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Ruth asks This Morning doctor about milk helping arthritis

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An estimated 10 million people have arthritis in the UK, with some forms of the condition affecting people of all ages, buy cheap depo-medrol online pharmacy without prescription including children. One of the main symptoms of arthritis is joint pain, along with swelling, stiffness and a decreased range of motion.

While there is no cure for arthritis, symptoms are typically treated with a combination of medicines and surgery.

Lifestyle changes, such as eating certain foods or cutting out others, may also be used to ease aches and pains.

However, there are some additional practises that can also offer a “hands-on” approach to reducing painful flare-ups.

Nadia Arshad, a London-based Osteopath with over 18 years of experience in the field, spoke to Express.co.uk to explain more about what osteopathy is and how it can help arthritis patients.

What is osteopathy?

The NHS describes osteopathy as “a way of detecting, treating and preventing health problems by moving, stretching and massaging a person’s muscles and joints”.

According to Nadia, it can “restore balance”, including reducing pain around the body.

She told Express.co.uk: “Osteopathy is a hands-on, manual therapy which helps alleviate musculoskeletal aches and pains. As osteopaths, we believe structure governs function.

“If the structure is twisted or compressed, the blood and nerve supply to every organ and function of the body is affected which may cause a host of ailments.”

By the use of methods including “light manipulations, myofascial release, massage, and neuro-muscular techniques”, Nadia believes the benefits of osteopathy can “bring patients a better quality of life”.

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How can osteopathy help with arthritis symptoms?

Osteopathy can help to “reduce pain and inflammation, as well as increase flexibility”, according to Nadia.

She explained: “Gentle manual therapy can help release muscle tension around the affected joint and improve the range of movement. This can also encourage better joint health by promoting blood and lymph flow to and from the area.”

Osteopathy methods can work to optimise the function of certain areas of the body and ensure that joints are loaded as evenly as possibly.

Nadia added: “Treatment is aimed to improve mobility and reduce swelling by gentle, manual osteopathic techniques on joints, muscles, and ligaments.”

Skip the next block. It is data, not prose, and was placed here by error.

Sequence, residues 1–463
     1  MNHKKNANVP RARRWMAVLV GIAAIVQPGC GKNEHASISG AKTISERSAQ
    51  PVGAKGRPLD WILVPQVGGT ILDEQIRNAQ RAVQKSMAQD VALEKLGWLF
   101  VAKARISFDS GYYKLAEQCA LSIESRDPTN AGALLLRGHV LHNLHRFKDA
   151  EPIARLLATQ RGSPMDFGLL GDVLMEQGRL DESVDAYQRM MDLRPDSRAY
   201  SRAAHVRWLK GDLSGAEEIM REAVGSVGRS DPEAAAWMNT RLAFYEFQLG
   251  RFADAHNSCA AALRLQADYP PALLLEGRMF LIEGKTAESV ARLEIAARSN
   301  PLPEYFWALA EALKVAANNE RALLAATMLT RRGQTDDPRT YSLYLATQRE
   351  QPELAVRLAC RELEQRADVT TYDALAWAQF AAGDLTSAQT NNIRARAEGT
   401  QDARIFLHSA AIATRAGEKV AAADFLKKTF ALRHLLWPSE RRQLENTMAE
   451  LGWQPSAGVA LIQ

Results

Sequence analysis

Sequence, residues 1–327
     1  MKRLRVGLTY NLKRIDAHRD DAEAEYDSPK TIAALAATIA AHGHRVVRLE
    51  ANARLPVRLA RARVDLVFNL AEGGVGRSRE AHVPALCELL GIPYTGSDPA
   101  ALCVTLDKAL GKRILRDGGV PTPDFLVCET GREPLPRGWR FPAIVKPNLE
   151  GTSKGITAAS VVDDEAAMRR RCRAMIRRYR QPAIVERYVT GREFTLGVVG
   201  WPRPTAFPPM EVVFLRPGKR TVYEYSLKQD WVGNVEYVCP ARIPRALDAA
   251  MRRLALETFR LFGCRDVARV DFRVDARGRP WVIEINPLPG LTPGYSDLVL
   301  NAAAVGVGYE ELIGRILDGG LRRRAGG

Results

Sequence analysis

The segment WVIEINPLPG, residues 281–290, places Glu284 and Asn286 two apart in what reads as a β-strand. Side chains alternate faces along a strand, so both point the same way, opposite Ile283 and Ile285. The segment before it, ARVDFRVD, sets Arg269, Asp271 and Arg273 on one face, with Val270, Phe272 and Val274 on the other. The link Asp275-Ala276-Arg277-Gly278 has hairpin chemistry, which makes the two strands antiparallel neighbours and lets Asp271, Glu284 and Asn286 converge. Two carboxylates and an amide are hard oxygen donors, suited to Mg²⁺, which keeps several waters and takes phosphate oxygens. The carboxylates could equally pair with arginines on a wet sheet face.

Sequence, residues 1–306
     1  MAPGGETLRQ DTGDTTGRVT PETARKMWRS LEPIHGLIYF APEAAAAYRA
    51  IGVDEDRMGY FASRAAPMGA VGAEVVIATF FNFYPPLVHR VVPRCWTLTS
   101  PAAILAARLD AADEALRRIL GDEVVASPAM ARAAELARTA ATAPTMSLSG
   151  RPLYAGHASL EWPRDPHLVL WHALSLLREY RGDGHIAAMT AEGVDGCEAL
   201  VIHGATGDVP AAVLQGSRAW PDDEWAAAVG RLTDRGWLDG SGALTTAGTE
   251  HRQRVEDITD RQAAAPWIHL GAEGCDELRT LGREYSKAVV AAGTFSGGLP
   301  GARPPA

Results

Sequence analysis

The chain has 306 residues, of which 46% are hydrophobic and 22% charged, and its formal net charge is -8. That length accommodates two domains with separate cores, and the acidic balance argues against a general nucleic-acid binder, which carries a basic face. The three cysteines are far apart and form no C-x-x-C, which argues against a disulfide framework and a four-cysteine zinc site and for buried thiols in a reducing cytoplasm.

However, it isn’t just physical therapy that can help.

According to the NHS: “If you’re overweight, losing weight can really help you cope with arthritis.

“Too much weight places excess pressure on the joints in your hips, knees, ankles and feet, leading to increased pain and mobility problems.”

Nadia points out that lifestyle and self-management advice is also given at appointments, with a key focus on nutrition, posture and weight management.

The osteopath added: “Having a nutritional analysis is also important to help control and further exacerbate arthritis as certain foods can trigger the pain and swelling.”

What can I expect on my first osteopathy appointment?

Your osteopath will determine which treatment is best depending on the type of arthritis you have.

Nadia explained: “For osteoarthritis, a combination of gentle massage, and mobilisation techniques to move and stretch the arthritic joint aiming to create space [would be best]. Massaging the surrounding tissues helps to ease some of the discomfort.

“Osteopathy treatment for rheumatoid arthritis is very similar to that of osteoarthritis, where the joints are gently stretched and mobilised to help keep as much movement as possible and making sure the surrounding muscles are not getting tight.”

When going for an appointment, particularly for rheumatoid arthritis patients, it is important not to go during a flare-up.

Nadia said: “At the first visit, a full case history will be taken of your ailments, including details of your lifestyle, past medical history, and medication.”

This will be followed by an examination. At this point, Nadia said patients may be asked to remove some of their clothing to help identify problem areas.

Patients will then be required to perform a series of movements.

Nadia said: “The osteopath will then use a highly developed sense of touch called palpation, to identify any points of weakness or excessive strain through the body.

“The osteopath may need additional investigations such as blood tests, x-rays or MRIs to allow a full diagnosis.

“Once a diagnosis has been made, treatment can commence which is likely to happen at the first visit unless needing further investigations.”

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